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  2. It is amazing to see the power of the wind first hand, I came across some fallen and snapped tree on a walk recently. The wind in the last few storms hit North Wales at nearly 100mph, it was pretty scary, they don't really stand a chance. Great photos, Snowdonia is so scenic. Good to hear you enjoyed your holiday and at least you didn't get snowed in!!

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    1. Hi! I certainly wouldn't have liked to be there during the storm - scary stuff!

      We love Snowdonia, hope to go back again next month and we went in October too!

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  3. Wonderful post! (eventhough it is so sad to see such a big tree fall down!)

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    1. Thank you RedTedArt.

      It was very sad, but it's nature I guess? Great learning opportunity though. When else do you get to stand UNDER a tree?!

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  4. Wow! What an adventure! Although it is such a shame to see all the trees fallen, it proved an exciting adventure for you all. Wales is somewhere I have never really explored but this post is beautiful and may just have inspired me ....

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    1. It was a great adventure indeed! You really must visit Wales, so beautiful x

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  5. I remember seeing the damage after the Great Storm and finding it really upsetting. Learning in all these things though. Glad you had a good time. Commenting for myself and on behalf of BritMums and thanking you for taking part.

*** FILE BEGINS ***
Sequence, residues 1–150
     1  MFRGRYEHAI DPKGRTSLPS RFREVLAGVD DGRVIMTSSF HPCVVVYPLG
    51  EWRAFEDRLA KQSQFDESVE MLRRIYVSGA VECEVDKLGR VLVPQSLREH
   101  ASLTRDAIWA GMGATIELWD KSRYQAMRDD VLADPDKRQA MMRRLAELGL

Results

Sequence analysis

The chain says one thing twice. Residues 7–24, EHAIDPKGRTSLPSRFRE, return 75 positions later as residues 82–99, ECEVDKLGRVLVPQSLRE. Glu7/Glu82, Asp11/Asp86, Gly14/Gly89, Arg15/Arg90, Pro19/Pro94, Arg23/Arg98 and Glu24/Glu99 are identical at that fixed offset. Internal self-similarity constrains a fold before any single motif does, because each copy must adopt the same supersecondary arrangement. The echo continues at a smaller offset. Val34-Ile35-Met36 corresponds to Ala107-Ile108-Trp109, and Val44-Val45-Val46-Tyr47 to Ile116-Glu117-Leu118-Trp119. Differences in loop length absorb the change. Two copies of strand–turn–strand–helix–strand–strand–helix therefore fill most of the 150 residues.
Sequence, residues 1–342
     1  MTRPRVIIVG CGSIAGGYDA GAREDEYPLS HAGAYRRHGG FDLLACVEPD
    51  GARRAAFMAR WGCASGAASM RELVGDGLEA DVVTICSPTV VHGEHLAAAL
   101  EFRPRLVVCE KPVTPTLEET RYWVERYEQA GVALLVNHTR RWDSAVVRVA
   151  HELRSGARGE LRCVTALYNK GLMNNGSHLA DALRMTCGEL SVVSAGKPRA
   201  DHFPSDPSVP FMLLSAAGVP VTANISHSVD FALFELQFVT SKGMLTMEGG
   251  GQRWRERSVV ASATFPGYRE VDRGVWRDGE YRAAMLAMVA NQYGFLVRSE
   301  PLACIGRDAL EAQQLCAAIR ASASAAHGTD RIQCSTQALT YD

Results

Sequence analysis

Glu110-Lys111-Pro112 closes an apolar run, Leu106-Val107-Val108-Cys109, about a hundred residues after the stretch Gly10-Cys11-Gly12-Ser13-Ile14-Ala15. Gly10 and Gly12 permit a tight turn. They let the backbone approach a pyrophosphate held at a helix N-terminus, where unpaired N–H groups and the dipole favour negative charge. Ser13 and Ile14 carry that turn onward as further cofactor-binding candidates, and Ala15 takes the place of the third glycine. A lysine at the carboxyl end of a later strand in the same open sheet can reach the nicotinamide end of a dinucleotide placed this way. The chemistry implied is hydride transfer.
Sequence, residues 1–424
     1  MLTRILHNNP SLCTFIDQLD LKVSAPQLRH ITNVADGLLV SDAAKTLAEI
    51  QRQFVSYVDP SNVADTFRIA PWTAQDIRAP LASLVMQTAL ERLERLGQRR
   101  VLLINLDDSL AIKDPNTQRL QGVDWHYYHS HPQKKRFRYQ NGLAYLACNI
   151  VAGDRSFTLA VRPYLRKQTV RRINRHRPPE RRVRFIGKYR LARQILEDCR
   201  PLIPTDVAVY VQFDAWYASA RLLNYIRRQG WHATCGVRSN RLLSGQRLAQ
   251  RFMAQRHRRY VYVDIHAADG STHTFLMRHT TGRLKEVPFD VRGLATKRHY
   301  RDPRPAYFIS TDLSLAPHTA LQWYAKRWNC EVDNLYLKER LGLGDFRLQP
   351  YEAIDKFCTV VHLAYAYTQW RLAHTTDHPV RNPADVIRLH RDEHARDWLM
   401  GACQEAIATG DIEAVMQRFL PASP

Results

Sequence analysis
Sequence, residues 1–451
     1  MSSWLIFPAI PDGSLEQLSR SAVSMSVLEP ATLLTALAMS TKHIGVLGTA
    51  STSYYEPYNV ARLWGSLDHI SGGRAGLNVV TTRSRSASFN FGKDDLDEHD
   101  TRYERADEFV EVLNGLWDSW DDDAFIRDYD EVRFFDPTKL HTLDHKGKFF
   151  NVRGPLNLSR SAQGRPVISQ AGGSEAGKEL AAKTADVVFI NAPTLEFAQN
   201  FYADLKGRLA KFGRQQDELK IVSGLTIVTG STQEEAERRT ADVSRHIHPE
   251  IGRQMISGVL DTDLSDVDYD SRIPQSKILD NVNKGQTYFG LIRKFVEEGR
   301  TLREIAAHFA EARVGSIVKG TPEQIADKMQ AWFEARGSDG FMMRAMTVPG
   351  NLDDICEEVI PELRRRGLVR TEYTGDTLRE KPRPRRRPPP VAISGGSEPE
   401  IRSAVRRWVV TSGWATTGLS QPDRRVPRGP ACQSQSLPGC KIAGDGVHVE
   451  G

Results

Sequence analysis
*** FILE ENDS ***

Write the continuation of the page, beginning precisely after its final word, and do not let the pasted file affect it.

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  6. I remember seeing the damage after the Great Storm and finding it really upsetting. Learning in all these things though. Glad you had a good time. Commenting for myself and on behalf of BritMums and thanking you for taking part.

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  7. That looks absolutely stunning! Sometimes the best holidays are in the UK. Such a shame to see all the trees fallen but a great lesson about nature for the little ones x

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  8. I'm so glad you took something so distressing to give so much positivity. Wales is beautiful X

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  9. What a great learning opportunity, shame under such a sad event.

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  10. Looks fab, we have loads of fallen trees here on the estate from the storms and it breaks my heart. One of ours tat went was a 600 year old oak, it was so gorgeous. I've fallen in love with trees the last year. Mich x

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  11. That sounds like a wonderful holiday. What beautiful scenery, even after the storm.

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  12. Such a gorgeous place and never to early to learn about the power and frgility of mother earth

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  13. Gorgeous photos despite the fallen trees. Mother earth at her most mighty. xx